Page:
Choosing a Livestock Guardian Dog

Reader Contribution by Jan Dohner
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The choice to use a livestock guardian to protect your stock should be made seriously and with some forethought and planning. Using a living animal to guard your stock is not only a responsibility but also it requires you to gain some knowledge. It will ultimately require your commitment to an animal’s care, your regular attention, and perhaps some careful training. Acquiring this knowledge and doing some prior preparation before your guardian arrives will make the use of a livestock guardian more successful, as well. If you are not sure which livestock guardian would make the best fit for you and your situation, here is a truly honest look at the pros and cons of each potential guardian – dogs, donkeys, and llamas. This first post will look at livestock guard dogs (LGDs)

The pros:

• LGDs can guard a wide variety of animals including poultry, sheep, goats, cattle, llamas, alpacas, miniature horses and other equines. Guarding poultry presents a difference set of challenges than other stock, but it can be done successfully with attention to some training and the choice of a dog. Equines can likewise be problematical since the horse or donkey can have a natural flight or fight response to canines; but again, it has been done successfully. LGDs can also provide protection outside and around buildings or enclosures that house other animals, such as poultry or rabbits.

• LGDs actually bond to their stock and will exhibit nurturing behaviors, especially to young animals.

• LGDs protect stock against a wide variety of predators, both large and small, including the most dangerous such as feral hogs, wolves, bears, bobcats, and mountain lions. LGDs can work in groups together. Owners who face serious threats by large predators often employ two or more LGDs together in a field. In some truly serious situations, owners have used as many as four or five LGDs together. Most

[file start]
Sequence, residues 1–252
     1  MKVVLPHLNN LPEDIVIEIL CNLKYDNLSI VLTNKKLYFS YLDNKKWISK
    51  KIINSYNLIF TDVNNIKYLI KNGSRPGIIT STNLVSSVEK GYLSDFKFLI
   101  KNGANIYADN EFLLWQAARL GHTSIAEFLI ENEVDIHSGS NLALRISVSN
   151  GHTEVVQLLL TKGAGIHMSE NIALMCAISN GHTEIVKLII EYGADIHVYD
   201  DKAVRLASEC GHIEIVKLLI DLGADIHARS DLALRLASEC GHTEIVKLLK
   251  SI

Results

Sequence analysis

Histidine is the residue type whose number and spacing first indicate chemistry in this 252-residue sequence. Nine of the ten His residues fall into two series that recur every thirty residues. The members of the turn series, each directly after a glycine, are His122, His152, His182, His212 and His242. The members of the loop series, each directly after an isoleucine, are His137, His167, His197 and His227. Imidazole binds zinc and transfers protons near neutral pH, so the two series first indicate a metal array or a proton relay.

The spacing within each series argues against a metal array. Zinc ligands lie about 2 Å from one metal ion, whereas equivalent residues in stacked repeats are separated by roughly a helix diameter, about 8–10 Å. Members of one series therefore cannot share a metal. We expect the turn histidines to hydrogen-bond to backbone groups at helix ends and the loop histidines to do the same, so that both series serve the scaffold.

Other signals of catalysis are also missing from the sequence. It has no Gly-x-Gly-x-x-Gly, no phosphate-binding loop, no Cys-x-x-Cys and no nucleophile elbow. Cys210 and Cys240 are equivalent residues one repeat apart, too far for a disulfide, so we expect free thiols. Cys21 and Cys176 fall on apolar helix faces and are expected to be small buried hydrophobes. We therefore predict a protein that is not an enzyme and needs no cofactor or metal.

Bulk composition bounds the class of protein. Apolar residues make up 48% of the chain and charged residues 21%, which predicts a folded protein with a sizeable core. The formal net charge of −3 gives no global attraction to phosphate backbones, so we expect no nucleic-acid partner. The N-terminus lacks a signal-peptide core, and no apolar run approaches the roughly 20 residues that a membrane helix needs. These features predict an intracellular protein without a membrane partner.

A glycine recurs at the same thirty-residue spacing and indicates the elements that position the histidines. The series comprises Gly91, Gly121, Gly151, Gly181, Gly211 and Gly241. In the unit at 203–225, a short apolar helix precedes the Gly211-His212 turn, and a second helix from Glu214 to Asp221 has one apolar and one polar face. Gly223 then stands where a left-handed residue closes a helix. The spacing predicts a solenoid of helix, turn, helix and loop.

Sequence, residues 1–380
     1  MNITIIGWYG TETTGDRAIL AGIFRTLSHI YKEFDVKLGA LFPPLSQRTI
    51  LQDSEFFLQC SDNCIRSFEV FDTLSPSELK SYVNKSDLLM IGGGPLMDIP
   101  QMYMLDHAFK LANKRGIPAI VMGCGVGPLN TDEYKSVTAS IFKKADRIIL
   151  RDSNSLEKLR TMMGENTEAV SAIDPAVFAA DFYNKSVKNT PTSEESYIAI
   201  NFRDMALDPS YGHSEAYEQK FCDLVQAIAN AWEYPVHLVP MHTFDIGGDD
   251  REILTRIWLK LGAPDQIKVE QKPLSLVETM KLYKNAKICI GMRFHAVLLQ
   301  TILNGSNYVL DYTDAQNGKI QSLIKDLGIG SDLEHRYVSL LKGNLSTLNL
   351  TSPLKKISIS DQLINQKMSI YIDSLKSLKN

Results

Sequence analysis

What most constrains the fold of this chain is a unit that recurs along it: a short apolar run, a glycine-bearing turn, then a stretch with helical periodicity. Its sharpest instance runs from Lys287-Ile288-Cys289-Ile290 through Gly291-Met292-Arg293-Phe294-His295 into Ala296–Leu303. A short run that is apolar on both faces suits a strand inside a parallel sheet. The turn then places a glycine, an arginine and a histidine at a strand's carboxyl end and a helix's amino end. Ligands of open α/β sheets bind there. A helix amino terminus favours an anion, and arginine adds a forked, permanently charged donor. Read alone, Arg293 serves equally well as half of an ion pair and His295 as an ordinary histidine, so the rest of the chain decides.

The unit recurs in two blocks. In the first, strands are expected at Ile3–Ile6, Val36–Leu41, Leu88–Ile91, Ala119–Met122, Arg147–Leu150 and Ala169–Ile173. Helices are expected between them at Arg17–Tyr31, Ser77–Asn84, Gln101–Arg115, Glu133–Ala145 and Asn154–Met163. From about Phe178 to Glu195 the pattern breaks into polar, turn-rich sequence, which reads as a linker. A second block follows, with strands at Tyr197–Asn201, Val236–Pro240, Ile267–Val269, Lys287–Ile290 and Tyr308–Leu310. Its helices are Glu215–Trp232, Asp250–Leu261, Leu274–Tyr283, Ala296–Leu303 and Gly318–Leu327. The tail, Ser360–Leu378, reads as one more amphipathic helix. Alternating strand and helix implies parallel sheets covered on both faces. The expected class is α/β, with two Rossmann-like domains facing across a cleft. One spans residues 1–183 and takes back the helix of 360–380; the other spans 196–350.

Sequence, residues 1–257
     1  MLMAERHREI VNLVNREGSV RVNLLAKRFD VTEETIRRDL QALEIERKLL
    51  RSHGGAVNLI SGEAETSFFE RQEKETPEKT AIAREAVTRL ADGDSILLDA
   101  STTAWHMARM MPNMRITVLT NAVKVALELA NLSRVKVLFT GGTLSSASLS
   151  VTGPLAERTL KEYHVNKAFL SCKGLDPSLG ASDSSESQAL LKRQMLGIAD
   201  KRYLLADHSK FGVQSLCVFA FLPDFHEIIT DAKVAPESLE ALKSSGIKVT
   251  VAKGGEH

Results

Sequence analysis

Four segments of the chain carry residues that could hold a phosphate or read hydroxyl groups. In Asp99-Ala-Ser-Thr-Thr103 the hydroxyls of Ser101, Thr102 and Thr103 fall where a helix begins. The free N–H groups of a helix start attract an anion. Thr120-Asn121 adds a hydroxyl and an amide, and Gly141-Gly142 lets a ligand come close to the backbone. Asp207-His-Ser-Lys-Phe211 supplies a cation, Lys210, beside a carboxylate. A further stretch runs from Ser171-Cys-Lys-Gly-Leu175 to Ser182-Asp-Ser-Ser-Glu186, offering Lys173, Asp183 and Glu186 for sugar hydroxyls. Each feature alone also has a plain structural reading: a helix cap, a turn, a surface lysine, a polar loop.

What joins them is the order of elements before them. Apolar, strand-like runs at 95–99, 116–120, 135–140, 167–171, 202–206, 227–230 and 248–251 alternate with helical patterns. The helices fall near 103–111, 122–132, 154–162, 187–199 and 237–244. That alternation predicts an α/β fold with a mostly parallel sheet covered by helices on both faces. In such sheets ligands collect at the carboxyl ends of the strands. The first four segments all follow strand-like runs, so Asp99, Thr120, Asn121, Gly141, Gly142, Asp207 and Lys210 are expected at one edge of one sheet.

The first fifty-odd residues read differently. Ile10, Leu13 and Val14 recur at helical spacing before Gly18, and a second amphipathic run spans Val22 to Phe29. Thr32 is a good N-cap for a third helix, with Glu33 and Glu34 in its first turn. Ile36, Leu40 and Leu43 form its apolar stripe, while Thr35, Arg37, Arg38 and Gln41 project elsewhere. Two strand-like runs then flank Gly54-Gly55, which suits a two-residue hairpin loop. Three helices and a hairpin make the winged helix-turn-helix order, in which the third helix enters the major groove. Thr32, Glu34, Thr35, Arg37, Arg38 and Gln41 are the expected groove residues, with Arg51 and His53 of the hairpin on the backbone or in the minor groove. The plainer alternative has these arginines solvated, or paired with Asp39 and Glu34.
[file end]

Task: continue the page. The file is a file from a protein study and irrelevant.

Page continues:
• LGDs actively bark and chase large birds (eagles, hawks, owls, vultures and others) away from their stock.

• LGDs routinely protect stock from all small predators including foxes, coyotes, roaming dogs, raccoons, weasels, minks, skunks, opossums, and feral cats.

• LGDs can work in very rough or large fields or pastures. They will actively patrol and mark their territory, especially at night.

• LGDs have a graduated response against predators, which generally frightens or warns the predator away without the need for an actual attack. The dogs begin with barking, which becomes more frenzied if the predator does not back off, followed by posturing or charging. LGDs attack only if the predator is not driven away. Owners often learn to interpret the barking so that they know when backup assistance may be needed.

• LGDs can provide predator friendly control rather than other lethal forms of control such as shooting, etc. Your customers often appreciate this approach if you sell products.

• LGD barking provides an alert to the owner about threats and disturbances. LGDs also provide this alert about threats to family and farm, not just their stock.

• LGDS provide long-term protection against predators. Predators often become used to or habituated against lights, sirens, and other visual or auditory methods of frightening predators away. Predators don’t become habituated towards LGDs.

• LGDs can work with their stock 24/7, which means stock can stay out to graze at night or when the owner is away from the property. This also reduces human labor needed to bring flocks into a barn or protective paddock every night. LGDs are usually more active at night than during the day.

• LGDs allow you to use a pasture with active predator problems in the area. One summer we used a pasture with a den of coyotes right outside the fence. It was a summer of much barking and howling, but we did not lose even one tiny Shetland lamb to those coyotes.

• LGDs are self-thinkers, which means they can analyze a potential threat.

And now the cons: